.Turning Discarded Books into Art

A sphinx with planed cheekbones and straight-edge bangs, Jody Alexander makes artwork as dramatic as her appearance. It’s rare when a creative person’s day job and artistic practice entwine as seamlessly as they do for this former competitive swimmer. A librarian by training and an award-winning book artist by trade, Alexander’s body of work incorporates themes—and actual bindings—of well-worn library books into meticulous textile sculptures, wall hangings and handbound books. Reversing Virginia Woolf’s description of memory as “a seamstress,” this seamstress stitches memories into soft linen pages.

The trigger for Alexander’s mesmerizing fabric designs is a utilitarian Japanese craft called boro. “The word boro means rags,” explains the auburn-haired artist. “In Japan it is a practice of repairing and stitching and transforming rags into useful items—bags, futon covers, clothing.” Alexander deepened her acquaintance with boro while traveling to Japan on her 2014-15 Rydell Visual Arts Fellowship. The tradition of layered and stitched creations now forms the heart of her many popular classes.

An example displayed on her studio work table is worn yet sumptuous, a small inventory of indigo cotton shapes and stitches that possess a distinctive history and undeniable beauty. I run my hands over a small book of stitched linen in Alexander’s tiny workroom. Its archive of stitches and appliqued shapes feels like a form of braille, a handsewn legacy of time and memory. The book’s colored shapes are made from recycled book covers. Alexander, who works as a reference librarian at Cabrillo College, rescued many of the books that had been withdrawn from circulation—they are stacked along one wall of her studio—and has found ways to recirculate their faded beauty. “My work is a meditation on those past items,” she says.

Inspired by the work she did for her Rydell exhibition two years ago, Alexander began “rethinking” the world of Japanese boro textiles. “I started ripping off the covers of the old books and then mounting them on pages of European linen that I love,” she says. The book colors provided the palette. The collection—ironically entitled KEEP, from a discarded library stamp she found—amplifies the dignity of the discarded.

In her classes, Alexander introduces students to “a very simple vocabulary” of stitches, something she also does at workshops she gives all over the country. At a recent workshop called Shakerag in Tennessee, a fellow instructor encouraged her to “embed the place” into her work. “So I dragged my pieces of linen through the dirt, in the water, incorporating the place into it,” she says.

secure document shredding

Growing up in Los Altos, Alexander went to UCLA on a competitive swimming scholarship. Swimming was a repetitive activity too, Alexander recalls, as we study the repetitive machine stitchery that defines and shapes her latest wall hangings. She eventually chose art history as her college major, intending to go into design. One day it just hit her. “I need to make!” So she moved to New York and worked in art galleries before heading to Boston for a master’s degree in library science.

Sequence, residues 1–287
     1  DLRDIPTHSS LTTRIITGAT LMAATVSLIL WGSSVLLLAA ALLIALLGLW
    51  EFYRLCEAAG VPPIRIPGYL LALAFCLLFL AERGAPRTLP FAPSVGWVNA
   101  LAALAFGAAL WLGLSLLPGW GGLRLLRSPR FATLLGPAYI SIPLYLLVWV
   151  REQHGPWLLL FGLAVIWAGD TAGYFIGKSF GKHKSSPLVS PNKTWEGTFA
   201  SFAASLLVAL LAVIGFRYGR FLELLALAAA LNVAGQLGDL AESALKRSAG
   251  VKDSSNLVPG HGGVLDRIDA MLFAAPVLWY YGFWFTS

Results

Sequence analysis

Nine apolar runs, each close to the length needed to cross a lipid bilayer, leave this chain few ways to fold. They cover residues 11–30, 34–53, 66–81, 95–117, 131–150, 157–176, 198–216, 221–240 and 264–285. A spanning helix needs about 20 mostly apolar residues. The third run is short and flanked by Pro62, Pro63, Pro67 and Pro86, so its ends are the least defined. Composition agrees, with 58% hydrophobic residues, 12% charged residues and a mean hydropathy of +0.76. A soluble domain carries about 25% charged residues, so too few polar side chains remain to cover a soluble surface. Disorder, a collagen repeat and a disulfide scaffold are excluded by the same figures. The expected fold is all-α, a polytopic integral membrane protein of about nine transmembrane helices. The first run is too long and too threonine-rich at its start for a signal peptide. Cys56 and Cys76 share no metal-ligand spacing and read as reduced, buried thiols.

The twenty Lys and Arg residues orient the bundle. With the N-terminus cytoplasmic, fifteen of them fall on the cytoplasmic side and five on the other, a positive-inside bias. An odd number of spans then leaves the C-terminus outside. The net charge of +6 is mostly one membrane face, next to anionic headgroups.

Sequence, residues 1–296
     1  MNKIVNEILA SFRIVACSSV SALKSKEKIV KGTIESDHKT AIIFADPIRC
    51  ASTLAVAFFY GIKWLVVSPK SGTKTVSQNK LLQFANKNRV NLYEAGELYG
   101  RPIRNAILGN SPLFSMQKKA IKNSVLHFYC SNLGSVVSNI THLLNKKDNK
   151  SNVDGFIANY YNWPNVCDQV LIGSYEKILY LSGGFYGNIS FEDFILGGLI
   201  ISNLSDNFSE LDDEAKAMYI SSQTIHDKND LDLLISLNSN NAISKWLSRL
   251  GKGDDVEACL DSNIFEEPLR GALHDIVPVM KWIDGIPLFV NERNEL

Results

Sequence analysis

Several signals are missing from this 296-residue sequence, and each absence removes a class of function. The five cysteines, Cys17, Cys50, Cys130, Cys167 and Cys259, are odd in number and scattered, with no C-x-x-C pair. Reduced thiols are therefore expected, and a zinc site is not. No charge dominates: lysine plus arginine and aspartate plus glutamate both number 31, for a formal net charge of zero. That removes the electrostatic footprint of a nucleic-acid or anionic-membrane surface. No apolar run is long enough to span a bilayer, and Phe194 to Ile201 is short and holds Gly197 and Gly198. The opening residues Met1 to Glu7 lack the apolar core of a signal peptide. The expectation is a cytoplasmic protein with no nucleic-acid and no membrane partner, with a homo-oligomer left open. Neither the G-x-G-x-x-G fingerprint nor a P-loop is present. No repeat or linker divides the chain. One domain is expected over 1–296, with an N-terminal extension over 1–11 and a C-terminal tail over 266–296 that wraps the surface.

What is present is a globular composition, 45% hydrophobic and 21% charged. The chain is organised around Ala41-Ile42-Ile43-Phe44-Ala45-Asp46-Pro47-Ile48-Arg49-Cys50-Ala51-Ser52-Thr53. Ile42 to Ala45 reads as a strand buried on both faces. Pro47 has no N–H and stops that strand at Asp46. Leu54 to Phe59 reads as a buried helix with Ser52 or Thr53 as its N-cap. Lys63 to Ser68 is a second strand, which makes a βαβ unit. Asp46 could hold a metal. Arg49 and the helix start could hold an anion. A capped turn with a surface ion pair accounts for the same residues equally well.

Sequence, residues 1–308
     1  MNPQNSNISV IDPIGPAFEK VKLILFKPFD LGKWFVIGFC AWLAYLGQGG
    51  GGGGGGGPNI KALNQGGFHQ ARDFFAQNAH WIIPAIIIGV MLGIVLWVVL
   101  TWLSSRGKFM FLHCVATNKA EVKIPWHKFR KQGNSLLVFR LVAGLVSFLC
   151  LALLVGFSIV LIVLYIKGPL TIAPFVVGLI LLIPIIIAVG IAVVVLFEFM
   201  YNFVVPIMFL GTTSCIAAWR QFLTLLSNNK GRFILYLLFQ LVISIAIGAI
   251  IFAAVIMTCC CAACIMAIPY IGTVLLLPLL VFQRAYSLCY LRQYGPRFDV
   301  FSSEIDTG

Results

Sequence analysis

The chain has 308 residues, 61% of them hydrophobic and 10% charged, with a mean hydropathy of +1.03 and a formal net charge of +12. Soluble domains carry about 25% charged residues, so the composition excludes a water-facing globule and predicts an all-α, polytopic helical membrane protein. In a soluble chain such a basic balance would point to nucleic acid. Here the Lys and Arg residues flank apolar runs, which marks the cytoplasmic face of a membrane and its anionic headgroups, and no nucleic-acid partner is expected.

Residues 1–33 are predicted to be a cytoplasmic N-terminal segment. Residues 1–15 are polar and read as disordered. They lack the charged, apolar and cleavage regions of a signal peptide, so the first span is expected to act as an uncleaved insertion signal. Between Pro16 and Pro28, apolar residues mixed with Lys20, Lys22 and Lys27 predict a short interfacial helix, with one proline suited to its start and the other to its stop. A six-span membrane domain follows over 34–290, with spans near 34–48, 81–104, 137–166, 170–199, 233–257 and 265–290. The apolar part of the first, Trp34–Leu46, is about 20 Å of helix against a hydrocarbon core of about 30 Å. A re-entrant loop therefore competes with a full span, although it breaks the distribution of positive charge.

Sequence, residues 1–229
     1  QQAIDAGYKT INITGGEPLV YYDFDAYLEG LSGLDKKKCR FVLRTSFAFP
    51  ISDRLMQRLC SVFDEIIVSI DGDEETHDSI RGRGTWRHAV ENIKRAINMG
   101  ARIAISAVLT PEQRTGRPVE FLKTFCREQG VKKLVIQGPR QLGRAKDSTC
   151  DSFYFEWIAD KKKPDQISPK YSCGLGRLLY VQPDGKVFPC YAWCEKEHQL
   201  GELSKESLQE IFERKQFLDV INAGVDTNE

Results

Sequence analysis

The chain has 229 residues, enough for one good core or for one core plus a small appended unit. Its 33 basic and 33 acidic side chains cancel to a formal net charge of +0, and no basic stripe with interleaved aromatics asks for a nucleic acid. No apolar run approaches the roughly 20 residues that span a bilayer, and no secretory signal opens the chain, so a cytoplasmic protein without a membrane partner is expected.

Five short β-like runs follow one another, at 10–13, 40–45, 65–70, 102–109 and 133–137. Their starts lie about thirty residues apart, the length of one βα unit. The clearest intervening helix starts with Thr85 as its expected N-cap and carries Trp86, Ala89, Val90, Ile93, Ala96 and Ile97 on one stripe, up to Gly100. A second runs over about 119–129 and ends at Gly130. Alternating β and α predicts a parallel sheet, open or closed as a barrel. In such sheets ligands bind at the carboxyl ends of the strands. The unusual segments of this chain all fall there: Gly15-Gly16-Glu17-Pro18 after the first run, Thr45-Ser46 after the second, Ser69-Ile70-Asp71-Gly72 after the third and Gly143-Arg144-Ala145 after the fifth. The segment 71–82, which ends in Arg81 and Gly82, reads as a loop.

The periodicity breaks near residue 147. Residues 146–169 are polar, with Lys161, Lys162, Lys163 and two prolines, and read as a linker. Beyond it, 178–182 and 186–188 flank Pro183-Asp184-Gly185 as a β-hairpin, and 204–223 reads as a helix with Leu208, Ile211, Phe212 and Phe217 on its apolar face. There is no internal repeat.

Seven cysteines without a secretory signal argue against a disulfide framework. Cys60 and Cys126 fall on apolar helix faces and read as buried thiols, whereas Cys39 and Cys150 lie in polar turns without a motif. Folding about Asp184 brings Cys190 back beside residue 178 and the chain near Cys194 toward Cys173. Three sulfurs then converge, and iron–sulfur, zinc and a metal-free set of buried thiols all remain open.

“Then I discovered book arts at Harvard’s Houghton Library,” she says, her eyes widening. “Then bookbinding.” Alexander and her young son settled in Santa Cruz in 1999 when she began working at Cabrillo’s library. Her part-time library work allowed her the freedom to explore her own practice and begin teaching book arts.

Flipping through the soft fabric pages of a boro sampler book, she agrees that books are tricky to display. Most of her work is formed through layers of fabric, usually starting with a mull backing onto which are sewn more layers and pieces. “When I work I go into a zone,” she says. “I’m in a fugue state.”
Alexander admits that her real love is “making the book. It’s precious and intimate and invites one-on-one viewing. A book is physical and personal,” she says. She is also enamored of the Japanese tradition of recycling bits of cloth. “Boro is still speaking to me,” she says, smiling. “I love its evidence of past history and repair. Taking the old and combining it, and making it mine.”

Currently, she’s working on a sub-series of her ongoing Bibliomuse project. Taking graphic motifs from “nerdy old books,” Alexander creates stencils based on that motif or logo. She deconstructs the motif, cuts stencils, inks them or block prints them, giving the overall piece a visual harmony. “The project then becomes a memorial to the original book,” she says.

Alexander’s patience and artistry have attracted a following. “Now that the boro workshop has taken off, I’m invited to teach it all over the country,” Alexander says with a grin. “It’s become so popular—it speaks to people.”

Find out more about Jody Alexander and her upcoming classes at wishiwashistudio.com and at jalexbooks.com.


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